To continue on their journey, visitors enter a short glass-sided “tunnel” through the enclosure; this is lowered a few feet below ground-level so visitors can view animals such as the Marbled Cat (VU), Hairy-nosed Otter (DD), Annamite Rabbit (CR and NFIC) and Vu Quang Ox (CR and NFIC) at eye-level. Emerging from the tunnel, visitors find themselves is a large building with a row of long glass panels up one side. They are actually on the upper level of the central building, the lower level being a network of holding pens which are necessary to manage the complex rotation system. Through the glass windows, visitors discover that they are looking down on the indoor stalls of the animals featured in the main rotation. Each species is given access to several different compartments, and each of these has different foods, bedding and enrichment items to encourage the animals to make their own choices – this relieves stress. Meanwhile, at visitor level, the Eastern Black Crested Gibbons can swing over all of the stalls (the walls between each are only one storey high) on numerous ropes, nets and hammocks; there are also elevated ledges on which they can rest.
Meanwhile, on the opposite side of the corridor to the windows are a number of interactive displays about the animals featured in the exhibit: in a sound-proofed booth, for example, visitor’s can listen to the calls of Black Crested Gibbons and compare their loudness with that of other animals found in the exhibit, as well as trying to be louder themselves. There is also a pictorial display which compares the behaviour of the Dhole to that of the domestic dog, encouraging visitors to look out for their own canine’s wild behaviours, and a large picture of a sun bear’s face with a pull-out rubber tongue to graphically demonstrate just how long they really are.
This corridor is then exited through doors which lead to a queuing area. Upon reaching the front of the queue, visitors discover that they are entering a second movie theatre, exactly the same as the first. The same film then begins to play, and visitors again hear that Vietnam was once covered with virgin rainforest. At this point, however, the film pauses with the narrator explaining that this exhibit is ending as it begun, in the same way that it is the zoo’s hope that Vietnam, or at least parts of it, will end as they began – covered with virgin rainforest. The film then explains that the zoo does a lot of work conserving the wildlife of Vietnam, but all of it is centred on one animal: the Malayan Pangolin (EN). Whilst this may appear narrow-minded, by protecting the forests in which these animals live and setting up anti-poaching patrols to stop them being hunted illegally, the zoo is indirectly benefitting all of the animals that visitors have seen. And not only that, but rainforest plants produce a large percentage of the planet’s oxygen and so, by protecting the habitat of the pangolin, the zoo is protecting future generations of people as well.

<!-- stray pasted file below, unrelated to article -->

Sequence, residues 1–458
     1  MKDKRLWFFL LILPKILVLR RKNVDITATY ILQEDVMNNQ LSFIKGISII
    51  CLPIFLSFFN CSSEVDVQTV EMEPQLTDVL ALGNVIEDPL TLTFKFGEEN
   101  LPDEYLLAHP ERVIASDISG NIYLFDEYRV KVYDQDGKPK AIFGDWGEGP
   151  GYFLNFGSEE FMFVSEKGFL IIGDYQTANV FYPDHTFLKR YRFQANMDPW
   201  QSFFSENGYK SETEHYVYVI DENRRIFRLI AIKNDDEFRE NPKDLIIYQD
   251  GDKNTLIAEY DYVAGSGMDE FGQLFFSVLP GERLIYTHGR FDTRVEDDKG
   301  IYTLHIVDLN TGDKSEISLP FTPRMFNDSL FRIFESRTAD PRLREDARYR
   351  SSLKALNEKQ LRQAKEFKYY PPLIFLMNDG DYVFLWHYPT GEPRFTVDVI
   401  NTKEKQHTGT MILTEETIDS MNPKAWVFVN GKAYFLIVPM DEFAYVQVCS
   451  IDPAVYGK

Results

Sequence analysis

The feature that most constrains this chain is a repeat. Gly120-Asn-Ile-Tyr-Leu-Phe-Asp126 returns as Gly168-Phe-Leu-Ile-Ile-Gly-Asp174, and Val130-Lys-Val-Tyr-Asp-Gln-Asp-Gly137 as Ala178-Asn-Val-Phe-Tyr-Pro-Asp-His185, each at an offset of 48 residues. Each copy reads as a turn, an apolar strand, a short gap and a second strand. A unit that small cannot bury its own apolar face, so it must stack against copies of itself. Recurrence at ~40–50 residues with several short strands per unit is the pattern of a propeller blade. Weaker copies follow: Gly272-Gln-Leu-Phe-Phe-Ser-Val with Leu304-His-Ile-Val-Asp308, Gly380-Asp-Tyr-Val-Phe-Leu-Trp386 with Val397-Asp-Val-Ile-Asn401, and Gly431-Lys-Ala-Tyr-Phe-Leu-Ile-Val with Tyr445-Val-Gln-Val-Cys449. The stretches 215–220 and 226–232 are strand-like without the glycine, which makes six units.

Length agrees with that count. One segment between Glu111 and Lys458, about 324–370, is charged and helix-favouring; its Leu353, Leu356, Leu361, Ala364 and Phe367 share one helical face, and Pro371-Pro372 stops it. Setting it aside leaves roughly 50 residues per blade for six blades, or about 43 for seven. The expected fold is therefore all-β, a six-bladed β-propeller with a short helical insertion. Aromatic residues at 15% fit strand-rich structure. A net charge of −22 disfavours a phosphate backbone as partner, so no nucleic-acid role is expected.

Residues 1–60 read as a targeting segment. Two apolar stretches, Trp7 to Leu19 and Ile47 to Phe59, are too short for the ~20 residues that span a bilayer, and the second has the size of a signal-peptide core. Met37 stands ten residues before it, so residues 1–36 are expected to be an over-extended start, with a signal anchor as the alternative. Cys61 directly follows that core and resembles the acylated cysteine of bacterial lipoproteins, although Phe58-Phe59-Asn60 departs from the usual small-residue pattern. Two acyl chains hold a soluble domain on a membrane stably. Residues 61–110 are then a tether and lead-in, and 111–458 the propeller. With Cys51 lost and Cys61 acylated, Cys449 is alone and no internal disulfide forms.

At the film’s conclusion, visitors are again ushered through a side-door, but this time emerge into another long corridor (actually, this is adjacent to the last one). Down one side are three long glass panels. Coming to the first one, visitors realise that it is a depiction of a patch of forest devastated by logging with only tree stumps remaining. Meanwhile, ‘Save the pangolin . . .’ is printed above the glass viewing window.
The next panel is a huge juxtaposition – a large and highly detailed rainforest habitat which actually houses the male Malayan Pangolin. However, he isn’t the only animal in this enclosure and, to demonstrate how the pangolin is interconnected with all the rest of Vietnam’s wildlife, this room is the fourth and final exhibit in the smaller rotation system and also the only indoor one. As such, the pangolins may share it with several of the (non-carnivorous) species which demonstrate how its habitat is also vital to many other animals. Above the glass panel looking into this exhibit is written ‘Save the rainforest . . .’
Coming to the last panel, visitors realize that it is actually a mirror showing a reflection of themselves, above which is printed ‘Save yourself’.
Finally, leaving this corridor, visitors enter a small square room with a glass window onto the female pangolin habitat and the words ‘Save the pangolin . . . Save yourself’ printed above the door. Meanwhile, in the centre is a large box with several slots into which visitors can donate money that will go towards Malayan Pangolin conservation in Vietnam.
So there you go, well done to the few intrepid explorers who made it to the end and thank you to DesertRhino150 for giving me an excuse to design exhibits for Douc Langurs, Saola and Vietnamese Javan Rhino – it was fun!